• Words on the board: Write several words (maybe all the content words) from a song’s lyrics all over the board. Divide students into two groups and have them choose a group ‘secretary’. Give them one minute to look at the words on the board and try to memorize them. Tell them that as they listen to the song, the group secretaries must circle the words as they’re sung (others in the group can help by pointing the words). Pause the song every minute or so for a change of  ‘secretaries’. The winner is the group which has circled most words by the end of the song. (It’s important the song is not very repetitive for you to make the most of this activity. I suggest, for example, Garth Brooks’s Standing Outside the Fire or Jason Mraz’s Lucky. For more basic levels, also Louis Armstrong’s or Ramones’ What a Wonderful World)
  • Hello, Goodbye: To this day, still my favorite warm-up activity ever. Divide students into group 1 and 2. Students in group 1 should stand up or sit down every time they hear the words yes, stop, goodbye, high and why; group 2 should do the same when they hear the words no, go, hello, low and I don’t know. Play The Beatles’ Hello, Goodbye and have fun!

–       Bingo: Board 15 to 20 words from a song on the board and give students bingo charts. Have them choose 9 (or 6) words and fill their charts with them. Play the song and the winner is the student who first crosses out all words from his/her chart and shouts bingo!

–       Words stuck on the wall: Similarly to words on the board above, get all the content words from a song and write them on slips of paper. Stick these slips on the four walls of the classroom. As students listen to the song, they must run around the class collecting as many words as they can, the winner being the student with most words by the end of the song.

–       Karaoke: Honestly, this is the only activity here I haven’t tried in my classes, but being a fan of karaoke myself – and having several friends who won’t pass up a chance of making complete fools of themselves by singing Eternal Flame at the top of their lungs in karaoke bars – I’m sure end-of-semester and Secret Santa festivities would be positively affected by a karaoke competition!

That’s it for now then! Next month I’ll write about using video activities in the classroom, so stay tuned!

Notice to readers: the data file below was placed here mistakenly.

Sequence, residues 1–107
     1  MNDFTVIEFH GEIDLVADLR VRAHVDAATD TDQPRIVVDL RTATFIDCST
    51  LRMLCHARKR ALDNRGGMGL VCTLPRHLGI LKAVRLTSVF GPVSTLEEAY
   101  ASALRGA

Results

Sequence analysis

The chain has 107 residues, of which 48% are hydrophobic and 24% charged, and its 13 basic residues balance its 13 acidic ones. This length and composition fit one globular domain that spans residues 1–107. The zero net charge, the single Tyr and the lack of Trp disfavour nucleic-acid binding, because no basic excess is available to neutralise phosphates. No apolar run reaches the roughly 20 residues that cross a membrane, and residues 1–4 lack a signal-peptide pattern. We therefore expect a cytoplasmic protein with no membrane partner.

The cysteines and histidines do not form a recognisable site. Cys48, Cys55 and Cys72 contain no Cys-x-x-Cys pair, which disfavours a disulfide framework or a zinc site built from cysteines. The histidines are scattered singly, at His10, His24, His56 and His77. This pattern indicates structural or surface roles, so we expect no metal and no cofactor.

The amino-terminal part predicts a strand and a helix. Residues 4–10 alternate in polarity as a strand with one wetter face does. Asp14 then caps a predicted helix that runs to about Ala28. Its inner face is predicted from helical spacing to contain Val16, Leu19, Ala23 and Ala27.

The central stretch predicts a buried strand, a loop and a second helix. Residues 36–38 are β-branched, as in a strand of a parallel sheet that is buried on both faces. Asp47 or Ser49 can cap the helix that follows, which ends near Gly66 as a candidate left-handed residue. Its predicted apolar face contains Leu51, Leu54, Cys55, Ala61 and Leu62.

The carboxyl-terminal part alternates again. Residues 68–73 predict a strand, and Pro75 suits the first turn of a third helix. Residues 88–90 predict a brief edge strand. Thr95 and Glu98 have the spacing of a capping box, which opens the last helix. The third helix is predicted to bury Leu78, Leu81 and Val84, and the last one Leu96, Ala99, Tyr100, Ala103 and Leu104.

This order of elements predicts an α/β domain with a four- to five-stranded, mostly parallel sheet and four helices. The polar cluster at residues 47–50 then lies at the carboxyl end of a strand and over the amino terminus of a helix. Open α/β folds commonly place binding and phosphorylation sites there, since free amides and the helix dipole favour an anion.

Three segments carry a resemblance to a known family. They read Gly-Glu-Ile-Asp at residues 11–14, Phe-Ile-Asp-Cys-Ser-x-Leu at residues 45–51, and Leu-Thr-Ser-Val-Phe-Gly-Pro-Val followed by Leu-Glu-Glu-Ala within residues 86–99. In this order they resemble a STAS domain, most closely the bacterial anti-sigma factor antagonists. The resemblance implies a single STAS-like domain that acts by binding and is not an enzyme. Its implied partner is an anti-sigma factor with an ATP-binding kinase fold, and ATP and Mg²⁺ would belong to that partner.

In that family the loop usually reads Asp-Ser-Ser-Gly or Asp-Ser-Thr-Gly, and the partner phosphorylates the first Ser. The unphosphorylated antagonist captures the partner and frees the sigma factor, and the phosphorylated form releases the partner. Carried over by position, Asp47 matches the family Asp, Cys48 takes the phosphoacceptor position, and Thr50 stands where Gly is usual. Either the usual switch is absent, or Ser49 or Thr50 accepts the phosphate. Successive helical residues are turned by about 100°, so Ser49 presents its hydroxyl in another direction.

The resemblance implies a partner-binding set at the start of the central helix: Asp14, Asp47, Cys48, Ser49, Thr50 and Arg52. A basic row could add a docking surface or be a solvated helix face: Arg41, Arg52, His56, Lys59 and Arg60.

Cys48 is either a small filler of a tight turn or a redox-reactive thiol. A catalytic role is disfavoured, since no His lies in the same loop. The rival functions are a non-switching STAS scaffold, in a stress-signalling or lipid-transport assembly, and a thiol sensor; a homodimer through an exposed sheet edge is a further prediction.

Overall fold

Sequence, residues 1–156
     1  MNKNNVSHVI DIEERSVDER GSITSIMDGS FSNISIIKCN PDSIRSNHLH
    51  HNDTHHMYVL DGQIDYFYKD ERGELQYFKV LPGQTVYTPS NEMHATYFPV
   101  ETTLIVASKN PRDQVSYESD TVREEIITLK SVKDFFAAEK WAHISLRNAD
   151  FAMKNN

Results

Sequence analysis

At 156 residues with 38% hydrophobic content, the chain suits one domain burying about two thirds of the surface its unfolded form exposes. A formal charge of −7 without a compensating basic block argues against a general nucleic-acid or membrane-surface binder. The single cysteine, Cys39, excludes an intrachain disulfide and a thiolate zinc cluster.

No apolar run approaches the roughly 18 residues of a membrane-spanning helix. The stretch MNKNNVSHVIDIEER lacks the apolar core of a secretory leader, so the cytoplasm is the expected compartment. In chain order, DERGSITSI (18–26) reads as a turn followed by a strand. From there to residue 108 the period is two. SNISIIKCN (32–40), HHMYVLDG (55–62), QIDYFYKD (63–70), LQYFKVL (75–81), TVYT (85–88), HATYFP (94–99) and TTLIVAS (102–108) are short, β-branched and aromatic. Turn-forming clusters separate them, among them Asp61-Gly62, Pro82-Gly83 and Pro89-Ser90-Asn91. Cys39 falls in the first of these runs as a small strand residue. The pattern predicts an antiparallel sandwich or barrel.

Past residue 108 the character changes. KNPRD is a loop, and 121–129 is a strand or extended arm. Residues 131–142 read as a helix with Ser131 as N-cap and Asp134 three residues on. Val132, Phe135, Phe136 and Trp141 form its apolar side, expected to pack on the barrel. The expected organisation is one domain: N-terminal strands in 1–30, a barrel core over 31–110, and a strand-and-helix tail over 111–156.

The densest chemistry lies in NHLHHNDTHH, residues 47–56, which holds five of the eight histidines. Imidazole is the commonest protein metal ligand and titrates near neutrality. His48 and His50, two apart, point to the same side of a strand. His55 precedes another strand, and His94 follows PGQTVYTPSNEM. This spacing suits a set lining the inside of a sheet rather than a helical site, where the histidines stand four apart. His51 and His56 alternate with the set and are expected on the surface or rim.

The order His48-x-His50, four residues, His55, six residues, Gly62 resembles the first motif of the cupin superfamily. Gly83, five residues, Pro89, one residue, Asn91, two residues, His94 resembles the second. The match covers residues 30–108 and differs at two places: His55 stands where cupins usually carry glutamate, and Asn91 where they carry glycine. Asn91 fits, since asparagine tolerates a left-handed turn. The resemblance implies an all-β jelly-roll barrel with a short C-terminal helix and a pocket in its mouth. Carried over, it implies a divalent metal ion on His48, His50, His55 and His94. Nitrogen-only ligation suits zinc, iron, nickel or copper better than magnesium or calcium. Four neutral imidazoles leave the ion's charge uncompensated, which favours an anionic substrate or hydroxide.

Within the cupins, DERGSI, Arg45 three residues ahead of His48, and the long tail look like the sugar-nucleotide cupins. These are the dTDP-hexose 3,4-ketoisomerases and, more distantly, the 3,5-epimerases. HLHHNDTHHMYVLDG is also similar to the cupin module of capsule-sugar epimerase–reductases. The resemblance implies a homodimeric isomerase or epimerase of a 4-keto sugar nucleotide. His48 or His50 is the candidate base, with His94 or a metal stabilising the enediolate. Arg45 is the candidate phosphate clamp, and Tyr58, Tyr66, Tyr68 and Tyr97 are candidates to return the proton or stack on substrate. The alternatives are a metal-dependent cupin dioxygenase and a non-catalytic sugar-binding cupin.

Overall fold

Please send me a few ideas of music activities you have used in your classes successfully and I’ll share them all on my blog for teachers all over to use them. Please send along with the activities your name and email address so that people can get in touch with you. Finally, I’ll also be posting some of the song activities I’ve devised over the years on my blog in the next few weeks, so feel free to download those as well.

Enjoy the remaining days of your vacation and have a brilliant second semester! Cheers!

This post was published on http://www.blogdadisal.blogspot.com on July 20, 2012.

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One thought on “Starting over, part 3 – Using Songs in the Language Classroom

    Jéssica Viana said:
    July 20, 2012 at 2:18 pm

    Well, going beyond gap-filling and some of the other commonplace activities was my goal for this year as well. Some of the things that I tried out and worked well were:

    1) Listening for gist of a song/video (I did it with “Mr. Brightside”, I gave Ss some options. The song is mainly about a. A relationship b. a break-up. c. jealousy and played the first minute or so. The singer says “it’s all in my head, but she’s touching his chest now…” but he doesn’t give away the word jealousy before the chorus;

    2) Having a sort of “dictogloss” with a song. The song was “Smile”, by Lilly Allen. I don’t EVER recommend using that song in class, but this group simply could take it. The topic of the unit was relationships (same as above) and Ss were working on phrasal verbs (break-up, get along, run into…). I played the video and had Ss reconstruct the story behind it adding at least 5 of the phrasal verbs they’d seen;

    3) Finally, after using “Friday I’m in Love” for two years to teach the days of the week, I discovered other two songs that could be used for the same purpose: Friday Night, by The Darkness and Someday I’ll be Saturday Night, by Bon Jovi. In the latter, it’s also cool to contrast the pronunciation of someday and Sunday. (All by using properly-graded tasks…).

    😉